Helping Nurses In The Wake Of Hurricane Florence

Helping Nurses In The Wake Of Hurricane Florence

From the moment Hurricane Florence set its sights on the Carolina coastline, everyone knew the impact would be big. And despite weakening in strength just before landfall, the high winds and even higher waters carved a path of destruction through the state, the scope of which Carolinians are still trying to grasp.

As of Friday, September 21st, the death toll sits at a tragic 41, and “unheard of amounts of water” continue to wreak havoc in cities and neighborhoods.

It’s exactly the type of situation where nurses would be needed most… but unfortunately, the North and South Carolina nurses are among the storm’s victims.

Which is why the North Carolina Foundation For Nursing is putting out the call for help nationwide—to collect donations “to provide support to nurses who have suffered loss or damages from Hurricane Florence. The NCFN – Nurse Recovery Fund seeks tax-deductible donations whose sole purpose is to help nurses get back on their feet sooner; NCNA and NCFN believe that helping nurses return to their normal lives will benefit the entire state.”

The emergency campaign is both generous and perceptive—without nurses on the ground and in the hospitals, recovery efforts in the Carolinas would be seriously handicapped. And the speed at which the campaign was launched is no accident. After Hurricane Harvey ripped through Texas in 2017—also leaving many hospitals understaffed—the Texas Nurses Association created a similar campaign to help get their staff back on their feet and into their scrubs. And before Hurricane Florence had even made landfall, the TNA was already sharing what they’d learned with their nursing comrades in the Carolinas.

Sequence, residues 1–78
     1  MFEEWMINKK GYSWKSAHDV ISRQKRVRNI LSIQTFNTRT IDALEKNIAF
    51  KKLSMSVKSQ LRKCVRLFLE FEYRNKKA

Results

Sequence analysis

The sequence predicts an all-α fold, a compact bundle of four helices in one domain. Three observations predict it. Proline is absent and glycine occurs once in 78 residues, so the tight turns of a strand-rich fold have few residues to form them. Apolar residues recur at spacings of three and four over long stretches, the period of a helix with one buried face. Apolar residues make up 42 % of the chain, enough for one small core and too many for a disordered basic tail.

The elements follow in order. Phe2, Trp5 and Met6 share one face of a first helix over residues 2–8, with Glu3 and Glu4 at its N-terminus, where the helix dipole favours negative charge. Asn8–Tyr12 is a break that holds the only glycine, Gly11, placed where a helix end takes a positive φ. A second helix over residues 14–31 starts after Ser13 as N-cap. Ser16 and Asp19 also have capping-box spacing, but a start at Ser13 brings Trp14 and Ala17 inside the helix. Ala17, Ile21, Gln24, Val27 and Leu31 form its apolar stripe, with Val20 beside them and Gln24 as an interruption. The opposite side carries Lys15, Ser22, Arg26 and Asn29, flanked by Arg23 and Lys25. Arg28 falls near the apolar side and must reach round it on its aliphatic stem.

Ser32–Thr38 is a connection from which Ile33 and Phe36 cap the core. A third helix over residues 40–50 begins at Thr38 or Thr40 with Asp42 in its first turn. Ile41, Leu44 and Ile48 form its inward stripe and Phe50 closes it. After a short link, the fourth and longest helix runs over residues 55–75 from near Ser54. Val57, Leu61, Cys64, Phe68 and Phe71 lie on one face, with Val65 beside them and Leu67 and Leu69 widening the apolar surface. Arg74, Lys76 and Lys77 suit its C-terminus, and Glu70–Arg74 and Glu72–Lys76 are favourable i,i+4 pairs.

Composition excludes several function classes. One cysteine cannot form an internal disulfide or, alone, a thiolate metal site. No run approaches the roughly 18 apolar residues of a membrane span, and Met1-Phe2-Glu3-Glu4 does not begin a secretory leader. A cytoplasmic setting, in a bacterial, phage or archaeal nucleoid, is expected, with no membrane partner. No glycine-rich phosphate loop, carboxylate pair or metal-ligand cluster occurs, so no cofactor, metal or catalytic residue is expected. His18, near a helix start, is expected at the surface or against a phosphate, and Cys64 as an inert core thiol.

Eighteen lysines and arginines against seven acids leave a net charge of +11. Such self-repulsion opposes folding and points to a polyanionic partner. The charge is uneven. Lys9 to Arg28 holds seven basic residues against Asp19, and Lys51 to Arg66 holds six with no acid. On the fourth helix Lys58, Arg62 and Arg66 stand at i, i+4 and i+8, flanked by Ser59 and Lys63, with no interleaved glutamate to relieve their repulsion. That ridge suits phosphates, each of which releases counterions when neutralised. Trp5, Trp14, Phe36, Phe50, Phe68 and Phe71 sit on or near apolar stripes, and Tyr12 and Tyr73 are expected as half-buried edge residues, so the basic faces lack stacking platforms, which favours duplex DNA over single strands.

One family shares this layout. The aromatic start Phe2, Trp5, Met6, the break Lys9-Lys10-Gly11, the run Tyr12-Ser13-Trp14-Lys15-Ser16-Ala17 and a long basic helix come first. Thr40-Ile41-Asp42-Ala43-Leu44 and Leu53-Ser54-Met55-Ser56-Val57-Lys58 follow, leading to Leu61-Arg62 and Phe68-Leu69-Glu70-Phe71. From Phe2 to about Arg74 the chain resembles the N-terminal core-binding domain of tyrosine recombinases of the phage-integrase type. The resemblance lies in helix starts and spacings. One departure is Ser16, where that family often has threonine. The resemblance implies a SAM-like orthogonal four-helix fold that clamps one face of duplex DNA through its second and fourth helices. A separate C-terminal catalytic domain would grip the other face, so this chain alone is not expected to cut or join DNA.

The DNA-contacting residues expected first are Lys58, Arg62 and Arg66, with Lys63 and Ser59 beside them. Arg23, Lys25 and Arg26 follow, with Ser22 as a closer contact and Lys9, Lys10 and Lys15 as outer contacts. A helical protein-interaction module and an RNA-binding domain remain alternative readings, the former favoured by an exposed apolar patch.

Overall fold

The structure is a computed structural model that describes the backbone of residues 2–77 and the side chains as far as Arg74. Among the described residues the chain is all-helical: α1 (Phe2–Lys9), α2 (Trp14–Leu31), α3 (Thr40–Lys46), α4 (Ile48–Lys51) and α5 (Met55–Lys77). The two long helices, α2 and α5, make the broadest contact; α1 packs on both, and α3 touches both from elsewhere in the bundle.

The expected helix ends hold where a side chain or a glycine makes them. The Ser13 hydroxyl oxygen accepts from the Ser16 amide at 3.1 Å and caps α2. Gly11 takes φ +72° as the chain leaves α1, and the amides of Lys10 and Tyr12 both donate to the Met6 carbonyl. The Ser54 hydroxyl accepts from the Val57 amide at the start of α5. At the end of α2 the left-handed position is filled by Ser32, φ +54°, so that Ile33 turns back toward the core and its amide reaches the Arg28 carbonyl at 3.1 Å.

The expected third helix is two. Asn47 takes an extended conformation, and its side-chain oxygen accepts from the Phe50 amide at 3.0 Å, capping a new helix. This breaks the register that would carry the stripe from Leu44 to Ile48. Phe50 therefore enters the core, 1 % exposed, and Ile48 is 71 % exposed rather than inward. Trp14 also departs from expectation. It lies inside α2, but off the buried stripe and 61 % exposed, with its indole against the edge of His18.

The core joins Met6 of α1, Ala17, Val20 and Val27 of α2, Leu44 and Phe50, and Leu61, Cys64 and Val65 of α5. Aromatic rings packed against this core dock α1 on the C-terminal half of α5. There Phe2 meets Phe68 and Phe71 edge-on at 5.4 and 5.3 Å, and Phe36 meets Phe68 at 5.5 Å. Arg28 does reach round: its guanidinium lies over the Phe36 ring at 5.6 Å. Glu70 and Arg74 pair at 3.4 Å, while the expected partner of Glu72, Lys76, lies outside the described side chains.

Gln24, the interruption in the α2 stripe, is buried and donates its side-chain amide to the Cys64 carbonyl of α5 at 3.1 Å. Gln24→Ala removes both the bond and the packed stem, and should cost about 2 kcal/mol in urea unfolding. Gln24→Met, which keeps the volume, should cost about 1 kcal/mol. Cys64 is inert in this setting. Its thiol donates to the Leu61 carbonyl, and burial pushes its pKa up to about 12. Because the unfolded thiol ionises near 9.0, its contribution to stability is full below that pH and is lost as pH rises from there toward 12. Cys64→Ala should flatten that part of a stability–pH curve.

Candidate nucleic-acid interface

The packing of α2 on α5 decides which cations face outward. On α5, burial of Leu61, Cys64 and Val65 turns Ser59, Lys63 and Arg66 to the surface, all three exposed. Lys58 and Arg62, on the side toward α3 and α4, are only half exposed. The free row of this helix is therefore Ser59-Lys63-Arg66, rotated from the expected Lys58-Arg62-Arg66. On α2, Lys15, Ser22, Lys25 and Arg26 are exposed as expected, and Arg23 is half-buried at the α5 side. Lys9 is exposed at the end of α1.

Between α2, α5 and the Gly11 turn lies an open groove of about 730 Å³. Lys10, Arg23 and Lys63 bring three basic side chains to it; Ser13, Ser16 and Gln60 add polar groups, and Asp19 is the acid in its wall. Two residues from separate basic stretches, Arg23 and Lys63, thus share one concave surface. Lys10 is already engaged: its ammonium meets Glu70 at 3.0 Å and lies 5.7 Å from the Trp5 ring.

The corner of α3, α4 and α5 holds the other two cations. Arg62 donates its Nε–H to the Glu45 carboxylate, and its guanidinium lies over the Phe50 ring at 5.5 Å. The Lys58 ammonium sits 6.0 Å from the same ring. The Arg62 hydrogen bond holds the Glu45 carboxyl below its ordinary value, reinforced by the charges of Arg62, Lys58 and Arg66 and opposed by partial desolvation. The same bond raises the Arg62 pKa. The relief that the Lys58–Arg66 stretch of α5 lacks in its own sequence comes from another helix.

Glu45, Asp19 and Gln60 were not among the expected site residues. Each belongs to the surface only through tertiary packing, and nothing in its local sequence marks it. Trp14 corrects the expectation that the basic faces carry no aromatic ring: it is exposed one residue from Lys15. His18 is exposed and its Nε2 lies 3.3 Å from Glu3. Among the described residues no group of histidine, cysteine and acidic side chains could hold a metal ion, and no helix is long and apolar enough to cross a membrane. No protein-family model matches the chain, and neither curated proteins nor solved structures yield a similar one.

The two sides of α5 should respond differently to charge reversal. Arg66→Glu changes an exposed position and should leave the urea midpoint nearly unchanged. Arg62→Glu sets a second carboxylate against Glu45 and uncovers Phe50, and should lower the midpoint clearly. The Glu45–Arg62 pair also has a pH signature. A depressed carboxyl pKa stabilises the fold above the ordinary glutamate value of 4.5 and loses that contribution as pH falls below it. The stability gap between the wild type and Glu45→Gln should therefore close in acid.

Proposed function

“It is immensely harder to focus on patient care if you are reeling from your own losses, so we see this as a chance to support our fellow nurses and try to help them get back to normal,” said NCNA President Elaine Scherer, MAEd, BSN, RN. “Caring for each other is a vital part of being a nurse. We saw an opportunity to step up and have a positive impact on a terrible situation. Doing nothing was simply not an option.”

One thing is for sure, the eastern Carolinas aren’t out of the woods yet. Waters continue to rise, and the hurricane is already proving to be one of the costliest natural disasters in recent history. If there were ever a time to have a full staff of nurses ready to help, it’s now.

If you’d like to donate (or if you’d like to share this article to help raise support), donations can be made at this link. And if you know of any nurses who were impacted by the east coast storm, they can apply for assistance here.

There’s also an opportunity for nurses (even nurses here in the Bay Area) to volunteer to help those impacted by the storms. recently posted an article with the many ways in which you or your nursing colleagues can get involved. That article is available here.

A big thanks to everyone doing what they can to help the nurses impacted by the storm.

If you’d like more information on becoming a nurse or medical assistant and would like to visit our campus, contact Provo College today.